Since then, history-determinism has received its fair share of attention, not least because of its relevance to synthesis. Indeed it turns out to be a natural and useful form of nondeterminism more broadly, and can be generalised to all sorts of different automata models: alternating auto- mata [CONCUR’19], pushdown automata [Methods Comput. Sci.’22, MFCS’21], timed automata [CONCUR’22, RP’22], Parikh automata [CoRR’22], and quantiative automata [FSTTCS’21], to name a few. In each of these models, history-determinism offers some trade-offs between the power of nondeterminism and the algorithmic properties of determinism. In particular, depending on the model, they can be either more expressive or more succinct than their deterministic counterparts, while retaining better algorithmic properties—in particular with respect to deciding universality, language inclusion and games—than fully nondeterministic automata. 

The drive to extend history-determinism to more powerful automata models has also lead to a better understanding of the properties of these automata, of how they compare to related notions (such as good-for-games automata and determinisability by pruning), and of the various games and tools used to study them.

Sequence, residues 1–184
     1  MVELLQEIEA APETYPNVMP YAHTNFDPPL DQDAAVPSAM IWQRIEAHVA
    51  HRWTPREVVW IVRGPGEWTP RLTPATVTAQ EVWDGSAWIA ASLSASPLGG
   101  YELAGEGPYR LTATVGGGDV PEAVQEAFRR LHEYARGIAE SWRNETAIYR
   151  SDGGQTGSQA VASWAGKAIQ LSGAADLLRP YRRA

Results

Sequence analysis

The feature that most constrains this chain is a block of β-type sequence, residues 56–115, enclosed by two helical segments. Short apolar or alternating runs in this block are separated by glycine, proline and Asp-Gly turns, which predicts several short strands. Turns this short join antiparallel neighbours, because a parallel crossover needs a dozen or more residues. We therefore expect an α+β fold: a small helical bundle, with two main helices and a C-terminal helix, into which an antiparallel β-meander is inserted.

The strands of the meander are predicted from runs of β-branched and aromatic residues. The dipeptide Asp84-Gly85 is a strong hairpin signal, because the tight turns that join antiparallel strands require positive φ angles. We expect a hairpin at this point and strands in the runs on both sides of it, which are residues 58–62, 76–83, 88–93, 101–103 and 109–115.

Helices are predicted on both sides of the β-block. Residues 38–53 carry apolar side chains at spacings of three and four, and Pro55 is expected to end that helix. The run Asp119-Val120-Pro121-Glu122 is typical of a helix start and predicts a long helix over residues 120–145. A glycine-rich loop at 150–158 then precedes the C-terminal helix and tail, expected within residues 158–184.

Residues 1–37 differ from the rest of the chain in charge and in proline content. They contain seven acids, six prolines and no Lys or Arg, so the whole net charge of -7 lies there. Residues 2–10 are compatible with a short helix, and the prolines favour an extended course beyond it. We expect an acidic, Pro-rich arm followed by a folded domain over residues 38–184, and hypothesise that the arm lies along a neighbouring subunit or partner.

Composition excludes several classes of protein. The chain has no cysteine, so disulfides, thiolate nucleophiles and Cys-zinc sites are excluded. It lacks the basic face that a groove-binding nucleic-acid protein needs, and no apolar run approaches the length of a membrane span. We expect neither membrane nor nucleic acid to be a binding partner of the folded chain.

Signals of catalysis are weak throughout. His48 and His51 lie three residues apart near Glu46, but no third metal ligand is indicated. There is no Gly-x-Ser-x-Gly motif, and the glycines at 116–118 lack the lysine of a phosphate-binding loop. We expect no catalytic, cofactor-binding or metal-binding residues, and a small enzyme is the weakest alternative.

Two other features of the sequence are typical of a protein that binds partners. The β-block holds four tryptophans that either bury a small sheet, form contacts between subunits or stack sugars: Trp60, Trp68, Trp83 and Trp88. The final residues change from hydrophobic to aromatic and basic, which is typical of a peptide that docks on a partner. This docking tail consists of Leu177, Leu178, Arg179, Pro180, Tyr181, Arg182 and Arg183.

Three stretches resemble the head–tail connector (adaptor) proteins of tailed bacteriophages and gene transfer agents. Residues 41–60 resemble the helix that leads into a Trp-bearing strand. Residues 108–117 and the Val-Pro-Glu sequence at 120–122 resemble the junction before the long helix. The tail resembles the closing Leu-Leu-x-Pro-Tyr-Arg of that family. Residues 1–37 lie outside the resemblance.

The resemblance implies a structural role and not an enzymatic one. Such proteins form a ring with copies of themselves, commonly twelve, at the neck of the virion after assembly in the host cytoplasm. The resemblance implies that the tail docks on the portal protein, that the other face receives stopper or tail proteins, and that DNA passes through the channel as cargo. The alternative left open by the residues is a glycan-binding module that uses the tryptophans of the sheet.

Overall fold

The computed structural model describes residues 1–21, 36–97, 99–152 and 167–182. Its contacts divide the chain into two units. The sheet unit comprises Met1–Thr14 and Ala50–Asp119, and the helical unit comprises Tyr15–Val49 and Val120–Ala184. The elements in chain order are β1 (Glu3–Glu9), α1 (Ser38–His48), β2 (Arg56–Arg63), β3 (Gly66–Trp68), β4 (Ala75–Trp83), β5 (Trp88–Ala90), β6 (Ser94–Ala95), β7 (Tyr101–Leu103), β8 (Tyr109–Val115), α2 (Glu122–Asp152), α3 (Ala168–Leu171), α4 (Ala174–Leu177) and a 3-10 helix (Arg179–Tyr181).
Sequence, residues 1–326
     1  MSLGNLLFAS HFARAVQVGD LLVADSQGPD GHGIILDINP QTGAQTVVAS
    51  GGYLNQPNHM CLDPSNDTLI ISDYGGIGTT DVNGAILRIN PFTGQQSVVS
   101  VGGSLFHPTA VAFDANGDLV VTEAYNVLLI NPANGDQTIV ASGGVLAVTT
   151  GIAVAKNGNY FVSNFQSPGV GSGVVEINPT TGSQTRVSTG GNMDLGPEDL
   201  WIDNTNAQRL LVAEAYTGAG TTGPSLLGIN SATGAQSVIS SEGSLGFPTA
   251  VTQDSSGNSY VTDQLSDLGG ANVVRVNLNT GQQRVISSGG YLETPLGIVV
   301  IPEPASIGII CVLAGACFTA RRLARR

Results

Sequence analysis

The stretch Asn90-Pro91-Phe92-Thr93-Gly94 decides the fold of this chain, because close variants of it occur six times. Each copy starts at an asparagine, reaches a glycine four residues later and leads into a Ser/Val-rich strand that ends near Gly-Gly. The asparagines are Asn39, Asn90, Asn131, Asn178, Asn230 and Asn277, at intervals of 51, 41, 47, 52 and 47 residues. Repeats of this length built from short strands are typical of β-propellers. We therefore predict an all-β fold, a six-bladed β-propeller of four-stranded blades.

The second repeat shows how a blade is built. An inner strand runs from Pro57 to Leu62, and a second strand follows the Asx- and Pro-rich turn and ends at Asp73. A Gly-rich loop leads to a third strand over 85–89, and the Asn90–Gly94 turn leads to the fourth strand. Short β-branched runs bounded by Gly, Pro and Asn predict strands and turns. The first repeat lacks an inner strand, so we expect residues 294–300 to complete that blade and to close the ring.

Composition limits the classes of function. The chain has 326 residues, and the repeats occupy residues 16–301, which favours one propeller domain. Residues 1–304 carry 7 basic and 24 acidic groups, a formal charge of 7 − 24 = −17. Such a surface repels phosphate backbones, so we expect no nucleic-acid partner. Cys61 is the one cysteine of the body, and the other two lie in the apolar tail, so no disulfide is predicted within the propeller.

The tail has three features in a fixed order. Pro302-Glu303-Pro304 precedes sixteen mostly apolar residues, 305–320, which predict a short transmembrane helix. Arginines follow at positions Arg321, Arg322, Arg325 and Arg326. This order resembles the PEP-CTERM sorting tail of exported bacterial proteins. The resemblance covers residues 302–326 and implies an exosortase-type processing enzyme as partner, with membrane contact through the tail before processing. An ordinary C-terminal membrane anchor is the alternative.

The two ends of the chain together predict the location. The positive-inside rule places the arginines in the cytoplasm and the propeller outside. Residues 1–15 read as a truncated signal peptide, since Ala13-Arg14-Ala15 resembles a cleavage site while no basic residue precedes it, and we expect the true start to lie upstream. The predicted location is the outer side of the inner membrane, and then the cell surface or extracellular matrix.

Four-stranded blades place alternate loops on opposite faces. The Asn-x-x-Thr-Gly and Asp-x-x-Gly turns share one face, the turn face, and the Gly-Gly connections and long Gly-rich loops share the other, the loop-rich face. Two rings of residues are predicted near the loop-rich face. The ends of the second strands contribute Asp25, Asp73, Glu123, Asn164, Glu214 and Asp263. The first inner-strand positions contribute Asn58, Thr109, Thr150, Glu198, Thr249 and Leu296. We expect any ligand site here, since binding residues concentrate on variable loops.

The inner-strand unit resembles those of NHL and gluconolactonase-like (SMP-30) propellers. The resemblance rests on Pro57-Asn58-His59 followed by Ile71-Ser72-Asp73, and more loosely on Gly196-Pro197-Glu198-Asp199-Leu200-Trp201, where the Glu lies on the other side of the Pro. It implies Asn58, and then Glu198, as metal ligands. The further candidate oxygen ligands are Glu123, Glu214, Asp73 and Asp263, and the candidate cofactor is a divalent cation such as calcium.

This talk aims to give a broad introduction to the notion of history determinism as well as an overview of some of the recent developements on the topic. It will also highlight some of the many problems that remain open. It is loosely based on a recent survey, written jointly with Udi Boker, which gives an informal presentation of what are, in our view, the key aspects of history-determinism [ACM SIGLOG News’22]. 


Moshe Y. Vardi (Rice University):

Logical Algorithmics: From Theory to Practice

The standard approach to algorithm development is to focus on a specific problem and develop for it a specific algorithm. Codd's introduction of the relational model in 1970 included two fundamental ideas: 

(1) Relations provide a universal data representation formalism, and 

(2) Relational databases can be queried using first-order logic. 

Realizing these ideas required the development of a meta-algorithm, which takes a declarative query and executes it with respect to a database. In this talk, I will describe this approach, which I call Logical Algorithmics, in detail, and explore its profound ramification.